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Southern Australian seaweeds: a promising resource for omega-3 fatty acids
journal contributionposted on 2023-05-19, 19:05 authored by Matthias SchmidMatthias Schmid, Kraft, LGK, van der Loos, LM, Kraft, GT, Patti VirtuePatti Virtue, Peter NicholsPeter Nichols, Catriona HurdCatriona Hurd
To assess the suitability of southern-Australian macroalgae as potential marine resources for fatty acids (FA), and in particular polyunsaturated fatty acids (PUFA), analysis of 61 species, comprising of 11 Chlorophyta, 17 Phaeophyceae (Ochrophyta) and 33 Rhodophyta, was conducted. Total fatty acid (TFA) concentrations varied considerably (between 0.6 and 7.8 in % of dry weight (DW)) between species, with on average the highest concentrations being in the Phaeophyceae, then the Chlorophyta, and with the Rhodophyta recording the lowest average concentrations. Results revealed significant differences in the fatty acid profiles of the three algal groups. Most species exhibit high proportions of PUFA in their fatty acid profile and a low ratio of n-6/n-3 PUFA. These properties highlight the potential for southern-Australian macroalgae to be used for these FA in food, animal feed and nutraceutical applications.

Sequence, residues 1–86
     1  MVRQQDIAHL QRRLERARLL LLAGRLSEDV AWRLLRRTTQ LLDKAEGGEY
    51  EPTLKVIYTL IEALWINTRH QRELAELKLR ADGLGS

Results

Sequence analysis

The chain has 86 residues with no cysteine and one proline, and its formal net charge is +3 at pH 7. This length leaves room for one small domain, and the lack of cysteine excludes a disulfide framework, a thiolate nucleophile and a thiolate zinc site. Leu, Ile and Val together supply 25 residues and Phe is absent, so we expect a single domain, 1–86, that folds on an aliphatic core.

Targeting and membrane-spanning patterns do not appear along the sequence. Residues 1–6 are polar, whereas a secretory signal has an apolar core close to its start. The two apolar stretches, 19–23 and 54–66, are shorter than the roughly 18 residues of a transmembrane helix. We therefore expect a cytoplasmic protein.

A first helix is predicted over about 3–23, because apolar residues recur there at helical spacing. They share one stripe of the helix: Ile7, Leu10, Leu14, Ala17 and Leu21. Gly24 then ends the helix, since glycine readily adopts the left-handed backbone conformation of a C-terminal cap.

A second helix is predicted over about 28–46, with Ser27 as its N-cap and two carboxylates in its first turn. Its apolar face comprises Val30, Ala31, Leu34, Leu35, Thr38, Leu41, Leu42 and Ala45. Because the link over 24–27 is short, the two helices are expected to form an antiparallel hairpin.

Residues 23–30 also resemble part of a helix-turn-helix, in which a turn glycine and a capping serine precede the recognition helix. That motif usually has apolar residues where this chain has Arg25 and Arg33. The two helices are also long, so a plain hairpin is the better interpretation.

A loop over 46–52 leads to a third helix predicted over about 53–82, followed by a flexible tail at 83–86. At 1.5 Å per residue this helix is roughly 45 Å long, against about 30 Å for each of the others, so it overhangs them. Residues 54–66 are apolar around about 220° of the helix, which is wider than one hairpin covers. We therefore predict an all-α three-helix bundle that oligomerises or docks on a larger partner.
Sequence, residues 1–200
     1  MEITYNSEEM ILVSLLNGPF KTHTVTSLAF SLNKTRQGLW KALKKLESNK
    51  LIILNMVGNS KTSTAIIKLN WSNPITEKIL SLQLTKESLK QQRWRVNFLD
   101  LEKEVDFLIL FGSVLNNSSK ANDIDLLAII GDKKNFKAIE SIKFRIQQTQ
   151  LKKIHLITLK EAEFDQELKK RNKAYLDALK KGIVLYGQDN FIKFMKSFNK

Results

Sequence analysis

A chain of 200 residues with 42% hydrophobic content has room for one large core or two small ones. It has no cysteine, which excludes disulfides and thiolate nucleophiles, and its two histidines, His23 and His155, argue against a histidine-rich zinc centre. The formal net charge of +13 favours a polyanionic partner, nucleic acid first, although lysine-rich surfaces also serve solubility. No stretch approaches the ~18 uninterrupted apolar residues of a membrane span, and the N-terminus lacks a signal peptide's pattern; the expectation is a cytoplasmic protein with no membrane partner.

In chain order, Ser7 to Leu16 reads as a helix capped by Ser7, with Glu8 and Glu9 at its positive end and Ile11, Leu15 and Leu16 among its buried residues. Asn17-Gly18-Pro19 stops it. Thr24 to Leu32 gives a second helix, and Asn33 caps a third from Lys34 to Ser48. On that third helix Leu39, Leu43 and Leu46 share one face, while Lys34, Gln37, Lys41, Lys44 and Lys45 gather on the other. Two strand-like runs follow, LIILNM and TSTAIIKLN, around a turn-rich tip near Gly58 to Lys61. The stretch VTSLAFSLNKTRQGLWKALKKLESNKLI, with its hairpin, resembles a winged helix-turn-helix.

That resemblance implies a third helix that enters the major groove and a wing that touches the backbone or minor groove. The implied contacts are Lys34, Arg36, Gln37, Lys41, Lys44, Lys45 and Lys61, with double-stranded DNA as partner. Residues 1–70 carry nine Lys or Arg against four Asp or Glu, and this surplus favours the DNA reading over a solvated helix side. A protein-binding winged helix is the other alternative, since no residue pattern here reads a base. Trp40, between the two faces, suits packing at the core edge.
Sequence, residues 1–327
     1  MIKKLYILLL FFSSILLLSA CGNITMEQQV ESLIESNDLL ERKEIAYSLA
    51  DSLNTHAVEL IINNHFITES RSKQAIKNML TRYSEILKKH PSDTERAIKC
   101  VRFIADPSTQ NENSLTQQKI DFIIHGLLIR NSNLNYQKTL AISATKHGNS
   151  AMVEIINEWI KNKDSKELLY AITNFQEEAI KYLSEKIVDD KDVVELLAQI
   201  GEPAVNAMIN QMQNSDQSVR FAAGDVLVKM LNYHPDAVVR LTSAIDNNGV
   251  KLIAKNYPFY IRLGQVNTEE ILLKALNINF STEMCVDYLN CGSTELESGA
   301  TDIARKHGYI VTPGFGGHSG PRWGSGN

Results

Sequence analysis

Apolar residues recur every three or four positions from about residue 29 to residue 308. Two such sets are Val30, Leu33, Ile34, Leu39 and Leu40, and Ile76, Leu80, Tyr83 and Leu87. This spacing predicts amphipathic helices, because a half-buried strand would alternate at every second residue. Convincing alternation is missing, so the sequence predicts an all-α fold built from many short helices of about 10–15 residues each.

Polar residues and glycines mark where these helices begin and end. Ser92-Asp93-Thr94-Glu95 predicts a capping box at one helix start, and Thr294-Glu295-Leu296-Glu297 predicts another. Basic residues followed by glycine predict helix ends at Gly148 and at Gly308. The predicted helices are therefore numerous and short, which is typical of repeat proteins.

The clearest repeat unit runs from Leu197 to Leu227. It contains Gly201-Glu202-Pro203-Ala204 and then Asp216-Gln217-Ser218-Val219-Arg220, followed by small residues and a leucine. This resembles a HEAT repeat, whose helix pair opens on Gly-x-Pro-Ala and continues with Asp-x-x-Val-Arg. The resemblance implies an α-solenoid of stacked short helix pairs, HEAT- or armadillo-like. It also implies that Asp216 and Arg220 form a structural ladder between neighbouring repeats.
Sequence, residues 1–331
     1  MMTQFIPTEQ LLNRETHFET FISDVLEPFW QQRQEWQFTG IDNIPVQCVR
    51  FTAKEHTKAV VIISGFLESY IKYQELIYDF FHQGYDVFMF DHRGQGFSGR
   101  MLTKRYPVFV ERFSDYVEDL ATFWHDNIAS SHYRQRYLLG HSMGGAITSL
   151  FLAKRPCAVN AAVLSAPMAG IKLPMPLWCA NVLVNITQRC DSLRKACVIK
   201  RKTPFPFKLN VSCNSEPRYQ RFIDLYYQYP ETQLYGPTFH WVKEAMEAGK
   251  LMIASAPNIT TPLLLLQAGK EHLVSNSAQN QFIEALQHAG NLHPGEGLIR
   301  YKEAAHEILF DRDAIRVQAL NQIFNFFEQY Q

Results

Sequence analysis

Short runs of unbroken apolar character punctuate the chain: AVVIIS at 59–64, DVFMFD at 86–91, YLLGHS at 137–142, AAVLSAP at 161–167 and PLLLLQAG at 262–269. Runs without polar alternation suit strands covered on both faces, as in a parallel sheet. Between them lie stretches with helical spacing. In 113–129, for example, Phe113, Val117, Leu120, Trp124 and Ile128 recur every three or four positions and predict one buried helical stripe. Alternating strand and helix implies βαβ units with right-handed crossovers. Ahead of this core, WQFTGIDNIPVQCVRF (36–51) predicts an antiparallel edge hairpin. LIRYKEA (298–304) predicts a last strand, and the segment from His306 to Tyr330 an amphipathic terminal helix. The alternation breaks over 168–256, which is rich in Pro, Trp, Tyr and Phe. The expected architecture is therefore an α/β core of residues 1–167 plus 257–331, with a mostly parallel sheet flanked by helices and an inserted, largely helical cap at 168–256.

Publication titleFood Chemistry
Department/SchoolInstitute for Marine and Antarctic Studies
PublisherElsevier Sci Ltd
Place of publicationThe Boulevard, Langford Lane, Kidlington, Oxford, England, Oxon, Ox5 1Gb
Rights statementCopyright 2018 Elsevier Ltd.